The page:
CSC5280 Project 3:  Photometric Stereo

Wei Zhang
Dept. of Information Engineering,
The Chinese University of Hong Kong

zw009 (at) ie.

[Basic Algorithm][Extensions][Experimental Results]
[Appendix]  User Interface[Reference]
Download: Test Data, Executable File, Source Code

In this project, I implemented several algorithms to construct a depth field from a series of images of a diffuse object under different point light sources. My work is listed as follows (with * to indicate extensions):

Normal estimationDepth estimation
Use chrome ballSolve a least squares fit
Example-based* [2]Frankot-Chellappa algorithm* [5]
Not use chrome ball* [3]

1. Basic Algorithm

The overall process of constructing photometric stereos basically consists of four steps:

1.1 Light Source Direction Estimation: Using a chrome ball under different light source point, to construct the directions of these light sources since the normal at any given point on the ball is known.
(Related file: LightDirs.cpp.)

Fig. 1 Lighting direction estimation.

First, determine the center of the chrome ball by calculating the coordinates of its center in the mask image and determine the radius of the ball by taking the maximum distance from boundary pixels to the center.
Second, for each image of the chrome ball, estimate the highlight center by taking the averages of coordinates of all the pixel in the highlight area (intensity > 0.9).
Finally, for each image of the chrome ball, compute the light source direction using the formula (illustrated in Fig. 1)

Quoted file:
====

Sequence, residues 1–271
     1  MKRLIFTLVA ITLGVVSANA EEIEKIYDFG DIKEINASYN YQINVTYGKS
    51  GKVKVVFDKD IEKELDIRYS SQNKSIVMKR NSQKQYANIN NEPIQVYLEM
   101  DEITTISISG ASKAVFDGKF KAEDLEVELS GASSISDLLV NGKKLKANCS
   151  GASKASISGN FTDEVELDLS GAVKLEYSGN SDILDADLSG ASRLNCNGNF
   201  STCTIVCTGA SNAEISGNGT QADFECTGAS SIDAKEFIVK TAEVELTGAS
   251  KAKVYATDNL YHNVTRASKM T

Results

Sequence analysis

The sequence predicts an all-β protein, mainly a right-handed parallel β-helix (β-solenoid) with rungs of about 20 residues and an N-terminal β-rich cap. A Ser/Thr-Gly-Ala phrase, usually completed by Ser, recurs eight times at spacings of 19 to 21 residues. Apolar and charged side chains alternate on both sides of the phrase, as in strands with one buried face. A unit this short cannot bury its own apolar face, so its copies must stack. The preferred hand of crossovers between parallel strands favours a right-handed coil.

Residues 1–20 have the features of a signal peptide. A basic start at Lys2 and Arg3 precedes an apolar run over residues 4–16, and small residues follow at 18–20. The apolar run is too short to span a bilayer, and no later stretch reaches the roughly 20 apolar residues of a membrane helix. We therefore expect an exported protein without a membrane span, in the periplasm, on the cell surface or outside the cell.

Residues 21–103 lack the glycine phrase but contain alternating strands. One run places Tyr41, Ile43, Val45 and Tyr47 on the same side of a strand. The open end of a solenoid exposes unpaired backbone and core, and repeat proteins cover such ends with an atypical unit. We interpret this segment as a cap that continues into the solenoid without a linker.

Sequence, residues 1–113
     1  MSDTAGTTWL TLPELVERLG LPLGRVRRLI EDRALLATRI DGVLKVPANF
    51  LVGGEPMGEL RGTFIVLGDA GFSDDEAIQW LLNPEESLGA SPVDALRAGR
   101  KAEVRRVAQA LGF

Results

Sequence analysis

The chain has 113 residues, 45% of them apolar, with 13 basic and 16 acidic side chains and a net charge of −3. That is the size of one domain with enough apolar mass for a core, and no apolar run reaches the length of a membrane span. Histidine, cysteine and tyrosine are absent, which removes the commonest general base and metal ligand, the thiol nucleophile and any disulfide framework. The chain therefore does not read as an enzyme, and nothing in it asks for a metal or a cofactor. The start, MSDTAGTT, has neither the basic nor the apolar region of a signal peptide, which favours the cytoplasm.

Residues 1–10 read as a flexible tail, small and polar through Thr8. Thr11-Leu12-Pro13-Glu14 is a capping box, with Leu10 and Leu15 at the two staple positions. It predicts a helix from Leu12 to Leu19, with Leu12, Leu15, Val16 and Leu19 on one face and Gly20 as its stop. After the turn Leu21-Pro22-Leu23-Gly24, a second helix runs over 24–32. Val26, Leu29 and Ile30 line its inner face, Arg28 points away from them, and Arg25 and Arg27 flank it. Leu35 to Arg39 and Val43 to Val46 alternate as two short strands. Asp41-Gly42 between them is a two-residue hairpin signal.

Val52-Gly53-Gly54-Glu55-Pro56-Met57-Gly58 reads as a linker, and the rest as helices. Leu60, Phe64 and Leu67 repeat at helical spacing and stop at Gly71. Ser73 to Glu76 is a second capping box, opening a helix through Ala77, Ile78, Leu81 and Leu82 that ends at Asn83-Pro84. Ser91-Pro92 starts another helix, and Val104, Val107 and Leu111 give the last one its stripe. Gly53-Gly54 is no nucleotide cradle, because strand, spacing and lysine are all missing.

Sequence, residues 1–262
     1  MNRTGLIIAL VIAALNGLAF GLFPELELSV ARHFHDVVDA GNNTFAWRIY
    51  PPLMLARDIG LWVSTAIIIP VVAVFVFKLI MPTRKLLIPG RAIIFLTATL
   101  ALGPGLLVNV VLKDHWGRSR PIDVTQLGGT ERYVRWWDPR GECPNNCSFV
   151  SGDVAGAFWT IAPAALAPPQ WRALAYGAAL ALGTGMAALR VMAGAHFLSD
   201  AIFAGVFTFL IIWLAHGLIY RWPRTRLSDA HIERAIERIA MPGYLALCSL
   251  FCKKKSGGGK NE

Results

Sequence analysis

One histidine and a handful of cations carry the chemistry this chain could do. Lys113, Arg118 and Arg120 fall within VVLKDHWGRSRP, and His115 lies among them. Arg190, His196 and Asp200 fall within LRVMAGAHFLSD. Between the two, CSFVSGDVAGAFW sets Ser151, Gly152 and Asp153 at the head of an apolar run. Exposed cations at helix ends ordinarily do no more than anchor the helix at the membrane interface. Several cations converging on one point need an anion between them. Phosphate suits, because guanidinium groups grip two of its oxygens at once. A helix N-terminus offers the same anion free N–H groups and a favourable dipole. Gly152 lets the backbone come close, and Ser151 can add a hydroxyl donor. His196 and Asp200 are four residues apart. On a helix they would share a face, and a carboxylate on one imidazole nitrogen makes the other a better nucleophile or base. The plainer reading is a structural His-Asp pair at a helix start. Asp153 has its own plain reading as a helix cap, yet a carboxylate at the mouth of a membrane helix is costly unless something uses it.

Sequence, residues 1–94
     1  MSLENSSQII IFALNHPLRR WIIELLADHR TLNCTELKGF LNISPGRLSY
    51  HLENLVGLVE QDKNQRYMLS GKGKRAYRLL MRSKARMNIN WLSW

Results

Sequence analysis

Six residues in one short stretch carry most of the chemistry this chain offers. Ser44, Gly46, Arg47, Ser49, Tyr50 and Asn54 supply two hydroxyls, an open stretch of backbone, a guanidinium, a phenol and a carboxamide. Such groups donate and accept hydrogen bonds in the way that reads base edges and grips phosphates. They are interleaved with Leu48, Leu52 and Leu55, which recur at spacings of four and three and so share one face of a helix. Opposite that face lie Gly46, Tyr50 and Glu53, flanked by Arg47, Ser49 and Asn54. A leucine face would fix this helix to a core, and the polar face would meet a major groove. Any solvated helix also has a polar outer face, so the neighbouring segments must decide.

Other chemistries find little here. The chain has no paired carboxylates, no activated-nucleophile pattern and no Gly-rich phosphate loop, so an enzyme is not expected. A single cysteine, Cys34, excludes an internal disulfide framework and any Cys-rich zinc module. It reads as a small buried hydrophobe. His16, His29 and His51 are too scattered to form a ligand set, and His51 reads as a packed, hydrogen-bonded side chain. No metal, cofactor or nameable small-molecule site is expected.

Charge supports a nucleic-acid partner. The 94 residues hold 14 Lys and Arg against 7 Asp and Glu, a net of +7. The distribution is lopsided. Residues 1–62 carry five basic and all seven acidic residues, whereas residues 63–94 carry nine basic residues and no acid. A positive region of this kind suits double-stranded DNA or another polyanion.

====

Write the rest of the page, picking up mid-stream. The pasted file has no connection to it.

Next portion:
where N is the normal vector at the highlight center point and R is the reflection vector. R=(0,0,-1) and N is (xh, yh, xc, yc are the coordinates of the highlight center and ball center, respectively. r is the ball’s radius):

1.2 Surface Normal Estimation: After all the light source directions are determined, estimate the surface normal vectors of each point on the object.
(Related file: Normals.cpp.)

The appearance of the object is modeled as , where I is the pixel intensity, kd is the albedo, and L is the lighting direction (a unit vector), and n is the unit surface normal. Let , g can be calculated by solving a linear squares problem:
where i is the index of images.
To avoid the effect of shadows, each pixel is weighted by its intensity, i.e. use a new objective function

1.3 Albedo Estimation: The albedo of the surface can be computed simultaneously with the surface normal or can be computed separately. My implementation calculates them separately for better accuracy.
(Related file: Albedos.cpp.)

The formula is
which is derived from (2).

1.4 Depth Estimation: After the surface normals have been calculated, compute the depth of each image pixel.
(Related file: Depths.cpp.)

As the normal vectors are perpendicular to any vector on the surface, we have
in the x and y directions, respectively.
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Copyright (c) 2009 Wei Zhang